Opposition parties have changed the Liberal government’s official languages bill so much, a Quebec Liberal MP said he’s not sure he can still vote for it.
Anthony Housefather, who represents the Montreal riding of Mount Royal, said he hopes he can still vote for Bill C-13 but the changes made by Conservatives and Bloc Quebecois MPs at a House of Commons committee will reduce English services in Quebec.
The bill was introduced by the Liberals last March to help protect French by recognizing its status as minority language in Canada.
As the bill works its way through the House of Commons official languages committee, several amendments have been passed by the Conservatives and Bloc Quebecois that Housefather believes will reduce the rights of Quebec’s English-speaking communities because they make reference to the province’s Bill 96.
The Quebec law was adopted in May and requires all provincial businesses to operate in French.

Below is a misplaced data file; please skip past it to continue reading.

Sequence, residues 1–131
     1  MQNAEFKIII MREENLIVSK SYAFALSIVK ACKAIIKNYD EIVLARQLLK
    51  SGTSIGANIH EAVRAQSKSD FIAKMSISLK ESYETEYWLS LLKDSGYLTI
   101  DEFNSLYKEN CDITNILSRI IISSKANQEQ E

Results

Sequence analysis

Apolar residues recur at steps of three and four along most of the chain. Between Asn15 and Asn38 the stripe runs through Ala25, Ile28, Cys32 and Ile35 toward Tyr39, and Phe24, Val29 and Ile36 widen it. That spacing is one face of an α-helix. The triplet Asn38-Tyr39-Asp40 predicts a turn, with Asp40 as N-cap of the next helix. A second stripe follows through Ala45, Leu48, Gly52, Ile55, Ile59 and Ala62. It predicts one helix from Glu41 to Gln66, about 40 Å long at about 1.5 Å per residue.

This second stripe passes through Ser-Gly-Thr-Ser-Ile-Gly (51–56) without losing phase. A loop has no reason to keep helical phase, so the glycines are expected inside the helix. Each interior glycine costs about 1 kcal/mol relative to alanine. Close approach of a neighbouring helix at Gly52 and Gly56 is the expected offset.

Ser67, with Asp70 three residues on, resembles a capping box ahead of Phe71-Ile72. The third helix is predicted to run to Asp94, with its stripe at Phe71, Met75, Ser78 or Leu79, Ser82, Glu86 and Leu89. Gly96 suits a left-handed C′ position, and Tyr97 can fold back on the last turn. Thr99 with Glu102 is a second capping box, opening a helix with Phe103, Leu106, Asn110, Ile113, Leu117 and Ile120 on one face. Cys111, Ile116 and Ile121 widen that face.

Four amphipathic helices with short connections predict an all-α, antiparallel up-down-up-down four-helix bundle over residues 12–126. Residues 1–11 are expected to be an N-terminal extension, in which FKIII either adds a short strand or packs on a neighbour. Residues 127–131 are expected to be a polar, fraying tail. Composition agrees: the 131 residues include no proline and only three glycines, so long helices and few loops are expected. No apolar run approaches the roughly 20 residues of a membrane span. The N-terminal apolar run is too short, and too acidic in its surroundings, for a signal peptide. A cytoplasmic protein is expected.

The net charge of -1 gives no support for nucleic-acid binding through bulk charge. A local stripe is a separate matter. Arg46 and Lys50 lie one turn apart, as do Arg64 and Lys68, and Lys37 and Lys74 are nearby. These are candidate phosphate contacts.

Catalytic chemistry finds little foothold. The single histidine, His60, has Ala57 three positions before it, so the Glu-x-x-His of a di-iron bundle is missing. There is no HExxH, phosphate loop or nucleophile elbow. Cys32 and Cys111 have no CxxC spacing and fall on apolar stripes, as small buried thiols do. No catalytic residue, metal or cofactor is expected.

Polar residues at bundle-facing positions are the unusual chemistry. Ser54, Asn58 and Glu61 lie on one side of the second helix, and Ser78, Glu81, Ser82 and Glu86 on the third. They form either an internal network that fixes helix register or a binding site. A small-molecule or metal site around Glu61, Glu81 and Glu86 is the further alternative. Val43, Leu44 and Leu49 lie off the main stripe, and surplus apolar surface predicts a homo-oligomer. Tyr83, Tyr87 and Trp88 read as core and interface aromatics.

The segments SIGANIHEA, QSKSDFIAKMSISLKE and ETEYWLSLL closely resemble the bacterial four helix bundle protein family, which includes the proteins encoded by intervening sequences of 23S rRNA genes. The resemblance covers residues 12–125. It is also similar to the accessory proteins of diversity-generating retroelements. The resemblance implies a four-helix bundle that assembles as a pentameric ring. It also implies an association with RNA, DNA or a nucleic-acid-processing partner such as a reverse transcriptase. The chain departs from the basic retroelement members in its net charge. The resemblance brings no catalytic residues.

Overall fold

“I hope I am able to support it, but right now there are references to the Charter of French Language and ones that the Bloc and Conservatives passed by amendment that would serve to reduce the rights of the English speaking minorities in Quebec,” Housefather said Wednesday.
The Bloc Quebecois have made it clear during the committee that they want the bill to be asymmetrical so that it benefits French-speaking people more than it does English-speaking people.
“Perfectly equal bilingualism contributes to the decline of minority languages such as French,” Bloc Quebecois MP Mario Beaulieu said in French during a previous committee meeting.
The Bloc have introduced several amendments at the request of the Quebec government.
Crown-Indigenous Relations Minister Marc Miller, who also represents a Montreal riding, said he supported his government’s law when it was put in front of the committee.
“We have 100 amendments that are there essentially to sack the spirit of the law, and we’re pretty confident that we can get a bill through committee that all members of the Liberal party can lift their heads high, and vote for,” Miller said Wednesday.
This report by The Canadian Press was first published Feb. 15, 2023.